Several professors, including two from the School of MCB's Department of Cell and Developmental Biology, have recently received named scholar positions for their contributions to research, education, and the academic mission of the College of LAS.
The named positions include an Aaron and Laurel Clark Scholar (for faculty members in humanities), an LAS Distinguished Professorial Scholar, Lincoln Excellence for Assistant Professors (LEAP) Scholars, a Lynn Martin Professorial Scholar (for exceptional women teachers), and Norman P. Jones Professorial Scholars (for exceptional mid-career tenured faculty members).
“We’re extremely proud to recognize these exemplary faculty members,” said Venetria K. Patton, the Harry E. Preble Dean of the College of LAS. “Their creativity, hard work, and insights make them excellent teachers and researchers who deepen our understanding of the world around us.”
The recipients will receive financial support for their work. The MCB awardees are as follows:
Lincoln Excellence for Assistant Professors (LEAP) Scholars
Xin Li (cell and developmental biology). Li researches development, genetics, genomics, neurobiology, and regulation of gene expression. Li and her lab investigate how the sequential expression of transcription factors in neuroblasts generates neural diversity. Li’s research sheds light on the neurogenesis of a complex adult neural structure, as well as on the general mechanism of temporal patterning of neural progenitors.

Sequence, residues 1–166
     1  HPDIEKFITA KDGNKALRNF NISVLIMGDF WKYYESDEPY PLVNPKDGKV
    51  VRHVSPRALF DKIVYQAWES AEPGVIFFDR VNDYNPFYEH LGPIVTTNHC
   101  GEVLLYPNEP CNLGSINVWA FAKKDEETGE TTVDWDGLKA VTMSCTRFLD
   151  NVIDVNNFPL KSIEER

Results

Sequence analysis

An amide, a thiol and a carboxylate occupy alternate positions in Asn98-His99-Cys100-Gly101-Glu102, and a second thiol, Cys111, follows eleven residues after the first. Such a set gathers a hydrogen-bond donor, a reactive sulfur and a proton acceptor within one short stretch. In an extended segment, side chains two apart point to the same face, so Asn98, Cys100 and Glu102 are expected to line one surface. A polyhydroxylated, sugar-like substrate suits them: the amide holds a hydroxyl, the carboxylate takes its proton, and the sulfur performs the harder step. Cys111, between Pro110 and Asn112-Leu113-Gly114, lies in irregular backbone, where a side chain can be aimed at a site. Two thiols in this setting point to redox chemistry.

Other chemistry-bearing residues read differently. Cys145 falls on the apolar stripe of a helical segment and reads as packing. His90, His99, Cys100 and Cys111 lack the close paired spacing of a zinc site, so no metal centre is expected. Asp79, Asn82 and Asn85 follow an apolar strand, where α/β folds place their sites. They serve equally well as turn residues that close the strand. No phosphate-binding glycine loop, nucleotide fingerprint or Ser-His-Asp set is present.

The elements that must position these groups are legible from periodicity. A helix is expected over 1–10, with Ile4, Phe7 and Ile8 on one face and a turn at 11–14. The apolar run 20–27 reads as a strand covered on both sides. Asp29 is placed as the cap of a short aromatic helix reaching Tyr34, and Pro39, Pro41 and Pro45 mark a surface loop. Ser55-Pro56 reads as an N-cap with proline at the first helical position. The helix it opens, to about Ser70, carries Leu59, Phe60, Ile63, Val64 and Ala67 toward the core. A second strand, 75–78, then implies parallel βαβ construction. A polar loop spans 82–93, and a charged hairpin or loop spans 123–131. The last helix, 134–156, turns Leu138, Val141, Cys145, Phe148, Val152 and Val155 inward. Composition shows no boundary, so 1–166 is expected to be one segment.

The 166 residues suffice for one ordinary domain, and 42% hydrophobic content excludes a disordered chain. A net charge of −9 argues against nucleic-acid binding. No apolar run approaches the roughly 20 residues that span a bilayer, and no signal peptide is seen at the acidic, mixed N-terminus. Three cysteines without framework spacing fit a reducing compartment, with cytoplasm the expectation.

Norman P. Jones Professorial Scholars
Rachel Smith-Bolton (cell and developmental biology). Smith-Bolton researches trauma, bleeding, and tissue regeneration. The process of regeneration is not well understood. Smith-Bolton’s lab aims to answer these questions using the regeneration of a simple epithelial tissue, the wing imaginal disc, in the model organism Drosophila melanogaster. They use genetic tools to induce tissue damage and regeneration in a way that enables high-throughput experiments, forward genetic screens, and genomic approaches to identify the genes and mechanisms that regulate each step in regeneration.